A witch’s abode is often portrayed as with rows upon rows of dusty jars filling all the shelves. In the ignorant years, those jars were thought to be filled with all kinds of unpleasant substances.
Today’s witch is unlikely to have, or even want, bizarre items such as unicorn blood, bat wings, dragon teeth, pig eyes, or the hair of a still-born baby. Yikes and yuck.
There could still be lots and lots of jars and bottles. Some will be simple herbs, kept in the kitchen for cooking. Others will be in the bedroom; cosmetics, and the bathroom for skin lotions and first aid.
But, there could be other bottles around the house that have strange labels attached. Perhaps there is a picture, a sticker or a ribbon. The ingredients may, or may not, be recognisable. These are truly witchy things put together for magical purposes.
So, what are in these bottles and how does this all work?
In keeping with tradition, the bottles are usually glass or clay. Somehow, plastic and magic make uneasy companions. As both glass and clay are products of the earth, they will help anchor the spell contained within.
The spell the bottle is holding will be as individual as the witch who creates it. One bottle may be an invocation for romantic love. Another; protection for a bullied child. Perhaps the garden needs a boost.
And the same goes for the ingredients. Imagination plays a large part in deciding what will go into the bottle. Using the examples above, you could add red rose petals, a picture of a diamond ring, a piece of rose quartz, even a dash of the kind of scent you find attractive.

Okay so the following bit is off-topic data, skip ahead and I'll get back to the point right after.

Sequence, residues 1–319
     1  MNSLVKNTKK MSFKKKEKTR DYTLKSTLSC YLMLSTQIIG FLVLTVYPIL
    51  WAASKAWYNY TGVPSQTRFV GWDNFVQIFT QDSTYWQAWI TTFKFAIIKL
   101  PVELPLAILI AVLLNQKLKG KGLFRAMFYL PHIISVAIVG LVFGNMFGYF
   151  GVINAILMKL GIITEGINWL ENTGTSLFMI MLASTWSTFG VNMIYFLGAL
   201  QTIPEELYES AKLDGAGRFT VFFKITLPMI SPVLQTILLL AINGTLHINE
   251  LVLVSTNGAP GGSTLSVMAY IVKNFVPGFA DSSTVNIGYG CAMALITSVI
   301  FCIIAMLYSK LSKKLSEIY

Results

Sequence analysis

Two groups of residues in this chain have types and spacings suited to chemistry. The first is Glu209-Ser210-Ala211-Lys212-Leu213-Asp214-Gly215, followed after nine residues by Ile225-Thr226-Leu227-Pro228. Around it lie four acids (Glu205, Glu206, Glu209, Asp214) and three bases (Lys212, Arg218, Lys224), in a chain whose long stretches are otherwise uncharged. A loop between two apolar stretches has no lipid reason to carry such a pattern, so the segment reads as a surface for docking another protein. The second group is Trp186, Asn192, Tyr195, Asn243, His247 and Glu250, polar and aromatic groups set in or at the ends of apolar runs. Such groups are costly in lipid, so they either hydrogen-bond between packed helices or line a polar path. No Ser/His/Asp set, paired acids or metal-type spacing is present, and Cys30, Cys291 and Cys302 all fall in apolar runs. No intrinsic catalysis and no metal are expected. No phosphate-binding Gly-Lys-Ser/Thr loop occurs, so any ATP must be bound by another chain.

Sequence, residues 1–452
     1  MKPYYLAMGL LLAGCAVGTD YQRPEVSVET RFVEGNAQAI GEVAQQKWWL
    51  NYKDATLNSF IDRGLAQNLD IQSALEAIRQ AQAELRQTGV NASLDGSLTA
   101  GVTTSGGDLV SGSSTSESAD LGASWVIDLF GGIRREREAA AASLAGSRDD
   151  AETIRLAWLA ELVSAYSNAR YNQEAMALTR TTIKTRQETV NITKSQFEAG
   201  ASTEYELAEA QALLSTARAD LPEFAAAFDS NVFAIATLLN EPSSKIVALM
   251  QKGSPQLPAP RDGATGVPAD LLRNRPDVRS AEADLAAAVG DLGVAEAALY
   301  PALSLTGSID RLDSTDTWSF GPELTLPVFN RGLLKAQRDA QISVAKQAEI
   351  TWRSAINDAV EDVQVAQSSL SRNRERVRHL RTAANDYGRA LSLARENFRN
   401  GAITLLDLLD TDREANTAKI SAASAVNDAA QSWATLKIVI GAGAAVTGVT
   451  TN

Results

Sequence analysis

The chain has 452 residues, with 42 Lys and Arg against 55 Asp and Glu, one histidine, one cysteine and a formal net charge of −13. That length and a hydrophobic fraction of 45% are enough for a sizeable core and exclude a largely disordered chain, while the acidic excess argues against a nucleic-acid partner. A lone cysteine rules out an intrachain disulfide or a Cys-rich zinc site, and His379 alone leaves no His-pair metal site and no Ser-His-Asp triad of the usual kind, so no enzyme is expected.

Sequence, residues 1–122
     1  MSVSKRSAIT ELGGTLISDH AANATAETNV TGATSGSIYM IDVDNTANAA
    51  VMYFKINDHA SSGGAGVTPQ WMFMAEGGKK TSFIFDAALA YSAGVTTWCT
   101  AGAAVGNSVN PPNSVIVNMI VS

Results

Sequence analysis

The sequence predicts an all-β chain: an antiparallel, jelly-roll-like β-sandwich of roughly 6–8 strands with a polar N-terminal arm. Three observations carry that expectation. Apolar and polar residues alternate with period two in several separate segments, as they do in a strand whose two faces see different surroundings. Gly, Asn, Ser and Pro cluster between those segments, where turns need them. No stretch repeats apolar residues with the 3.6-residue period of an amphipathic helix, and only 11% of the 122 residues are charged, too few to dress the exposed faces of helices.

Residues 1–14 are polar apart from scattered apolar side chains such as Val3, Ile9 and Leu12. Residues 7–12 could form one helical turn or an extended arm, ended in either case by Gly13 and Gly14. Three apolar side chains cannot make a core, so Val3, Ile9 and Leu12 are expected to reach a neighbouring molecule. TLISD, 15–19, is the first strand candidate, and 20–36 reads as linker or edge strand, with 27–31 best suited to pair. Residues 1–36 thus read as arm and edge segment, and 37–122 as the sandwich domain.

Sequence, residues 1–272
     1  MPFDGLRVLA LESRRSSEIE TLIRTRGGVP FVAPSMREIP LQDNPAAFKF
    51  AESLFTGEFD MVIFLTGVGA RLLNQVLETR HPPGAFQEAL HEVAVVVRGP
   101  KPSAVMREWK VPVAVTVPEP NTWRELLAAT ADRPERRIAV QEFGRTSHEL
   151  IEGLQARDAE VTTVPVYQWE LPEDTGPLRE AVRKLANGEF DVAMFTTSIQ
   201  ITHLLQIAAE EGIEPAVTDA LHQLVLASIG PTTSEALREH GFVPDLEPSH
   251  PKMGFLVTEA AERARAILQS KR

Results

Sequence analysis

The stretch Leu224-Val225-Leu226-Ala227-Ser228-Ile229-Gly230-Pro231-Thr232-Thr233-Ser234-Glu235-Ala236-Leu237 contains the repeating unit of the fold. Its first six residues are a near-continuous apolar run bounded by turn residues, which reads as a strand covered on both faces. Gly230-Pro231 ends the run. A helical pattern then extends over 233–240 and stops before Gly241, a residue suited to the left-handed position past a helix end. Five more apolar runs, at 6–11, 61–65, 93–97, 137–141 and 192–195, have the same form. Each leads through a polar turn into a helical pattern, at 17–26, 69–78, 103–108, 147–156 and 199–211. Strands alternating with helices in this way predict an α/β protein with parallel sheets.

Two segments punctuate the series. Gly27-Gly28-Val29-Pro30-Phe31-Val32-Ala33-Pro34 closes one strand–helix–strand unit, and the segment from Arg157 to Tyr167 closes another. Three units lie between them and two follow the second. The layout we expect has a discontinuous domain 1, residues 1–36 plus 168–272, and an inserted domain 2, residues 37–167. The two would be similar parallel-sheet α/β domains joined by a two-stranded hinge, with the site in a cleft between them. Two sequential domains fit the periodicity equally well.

While we cannot literally wrap our children in bubble wrap, a piece of that, along with a pentagram for protection and a few hairs (both the child’s and the biggest, fiercest dog’s that you know) could chase off the bullies.
For the garden, it may be a couple of seeds, a speck of compost, a few drops of water plus a picture of the sun.
Pictures are great as long as they are small enough. These bottles are often small, either recycled from the kitchen or bought at craft shops. I would say the smaller the better as this means you can store several, or, if necessary, carry them with you.
The best time to create a magic bottle depends on the witch. It may feel empowering to go with the phases of the moon or on the first of the month. As with all magic, when the time is right the creation will flow.
To breathe magic into the bottle, invoke your deity and tell them what you are doing. Speak to each item as you place it in the bottle, describing its purpose. When everything is done, seal the bottle and label it. The label can be a single image. A rose or heart for love, a proud looking figure for the child, a flower for the garden.
Next, the bottle must be put somewhere that you can see it so it can work its magic on your subconscious. My experience suggests it needs to be visible for about two weeks. Then it can be put on a shelf with all the other magic bottles.